This excerpt is from Why I Will Never, Ever, Go Back To The United States (link to complete article at the end):

After a year of traveling, I had planned a last, short trip. I was going to take the train from Montreal to New Orleans. The travels I had been undertaking earlier this year had brought me to places that were meant to form the background of my second novel.

This trip, however, was for my dad. He, a trumpet player, loved New Orleans and had died a year ago. It felt like the first sensible trip I undertook this year. I had been searching for ways to forget about the last hours at his deathbed. He had been ill for 15 years and his body just would not give up. It was a violent sight. I had decided the trip to New Orleans would put an end to those memories.

Usually, I barely plan my trips in advance. But this time I had booked everything: my train tickets, hotels and my flight back to Montreal, from which I would depart back to Amsterdam. In total the trip was supposed to take three weeks. The confirmations and tickets I had printed and tucked away in a brown envelope I had bought especially for the trip. I like things to be neatly arranged. At home, in Amsterdam, my house enjoys a slight version of OCD.

The first part of the trip, from Montreal to New York, is known to be one of the world's prettiest train routes. When we had just passed the sign 'Welcome to the State of New York,' the train pulled over for a border check. I put the brown envelope on my lap. On top of the envelope I filled in my migration form with utmost dedication. I love border crossings. Forms don't lie.

The customs officer walked by and asked everybody on the train a few questions. Where they were from, where they were heading. The usual stuff. Everybody who was not a U.S. or Canadian citizen was to head for the dining car to fill in an additional green form.

In the dining car sat a cheerful looking family from the Middle East and a German man with a mouth in which a small frisbee could easily be inserted. I took the seat across the German, who had already filled in his green paper, and started on my own, dedicated, hoping to impress him. He was not throwing me friendly looks. The customs officer took the German's papers and welcomed him to America. They switched seats. He put his hands on the table and looked at me. We must have been of similar ages. He had a goatee and slid my passport towards him like it was a small gift.

I had not finished my novel yet, but my passport was complete. It was filled with pretty stamps. He did not like the stamps.

First, he saw my Sri Lankan stamp. The customs officer raised his eyebrows.

"Sri Lanka, what were you doing over there?"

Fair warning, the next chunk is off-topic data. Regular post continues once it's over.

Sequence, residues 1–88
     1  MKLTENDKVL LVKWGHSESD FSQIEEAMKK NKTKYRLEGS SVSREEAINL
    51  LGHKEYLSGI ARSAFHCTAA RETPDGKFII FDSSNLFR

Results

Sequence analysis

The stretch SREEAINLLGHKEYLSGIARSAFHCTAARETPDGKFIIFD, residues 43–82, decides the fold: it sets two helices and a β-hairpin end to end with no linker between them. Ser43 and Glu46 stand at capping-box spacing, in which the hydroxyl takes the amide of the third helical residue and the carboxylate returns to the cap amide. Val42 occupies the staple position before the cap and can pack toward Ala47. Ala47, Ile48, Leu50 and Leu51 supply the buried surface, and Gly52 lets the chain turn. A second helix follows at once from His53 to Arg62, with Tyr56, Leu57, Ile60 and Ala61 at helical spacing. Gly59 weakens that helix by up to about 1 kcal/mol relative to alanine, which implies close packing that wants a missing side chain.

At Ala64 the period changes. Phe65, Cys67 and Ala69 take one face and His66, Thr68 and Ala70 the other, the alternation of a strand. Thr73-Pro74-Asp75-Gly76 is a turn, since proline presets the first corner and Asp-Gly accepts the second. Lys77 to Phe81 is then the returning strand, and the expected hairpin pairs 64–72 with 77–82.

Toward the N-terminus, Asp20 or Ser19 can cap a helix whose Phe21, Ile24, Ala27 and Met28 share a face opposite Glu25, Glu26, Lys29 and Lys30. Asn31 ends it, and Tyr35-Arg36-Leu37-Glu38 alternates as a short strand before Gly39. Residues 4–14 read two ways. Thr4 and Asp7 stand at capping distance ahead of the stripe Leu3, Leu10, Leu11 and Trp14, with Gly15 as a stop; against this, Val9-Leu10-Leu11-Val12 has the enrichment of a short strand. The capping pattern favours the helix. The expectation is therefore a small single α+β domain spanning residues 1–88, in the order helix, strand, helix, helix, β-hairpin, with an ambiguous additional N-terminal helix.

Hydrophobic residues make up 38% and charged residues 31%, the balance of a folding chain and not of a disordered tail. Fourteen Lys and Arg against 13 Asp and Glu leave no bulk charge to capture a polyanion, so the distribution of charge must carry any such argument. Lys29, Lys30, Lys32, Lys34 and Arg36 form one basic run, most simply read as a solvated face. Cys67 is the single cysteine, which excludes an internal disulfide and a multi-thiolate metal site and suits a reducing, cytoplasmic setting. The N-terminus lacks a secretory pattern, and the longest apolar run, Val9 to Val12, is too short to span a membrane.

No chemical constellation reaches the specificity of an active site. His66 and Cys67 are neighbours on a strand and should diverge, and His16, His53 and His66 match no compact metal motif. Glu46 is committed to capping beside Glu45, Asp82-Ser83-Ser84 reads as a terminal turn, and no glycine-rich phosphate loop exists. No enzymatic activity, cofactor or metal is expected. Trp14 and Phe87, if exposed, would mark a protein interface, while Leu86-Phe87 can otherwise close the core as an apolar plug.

"Surfing. Traveling. My best friend lives there. He is an architect."

The officer flipped on, seemingly satisfied. Secondly, he found my stamps from Singapore and Malaysia.

"What were you doing over there? Singapore and Malaysia? Aren't those countries Islamic?"

(Read the remainder of the article here, because from here onward it becomes kafkaesque.)

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I used to like to joke around with US border agents because they never seemed to have any sense of humour and I crossed the border so much that I had developed a 'border line' sort of routine for pissing them off without getting pinched.  I wouldn't even consider that behavior now, and have pretty much decided that I hope to never cross that border again.

The hell if I can find a reference to it, but years ago, long before passports were required to enter/leave Canada, I believe it was the governor of New Mexico at the time who had a problem with a border agent who demanded his passport. The agent insisted that New Mexico was a country, not a state. It was on some NPR program that I heard the story.

Instead of an IQ test, how about cultural education. Let them try the foods of different countries, make them memorize passages from all of the holy books, and then make them stand in the border control office with their eyes shut, and their hands behind their back.

Maybe they should know the names of all the states and pass a fundamental world political geography test as well.

This was big news here in the Netherlands, the chap in the story being Dutch, and it brought forth a rash of US TSA, Border and cop stories all of which illustrated a worrying degree of ignorance in people who had been given a badge and firearm. I would like to say that the " stupid in a uniform market " has been cornered by the USA but for truly stupid cops and customs agents try Poland !

The incident I was writing about took place well before the existence of the TSA, but it's interesting to hear that it's still going on. The funny thing is, I bet the TSA wouldn't give me a job and I'd never make that sort of mistake. 


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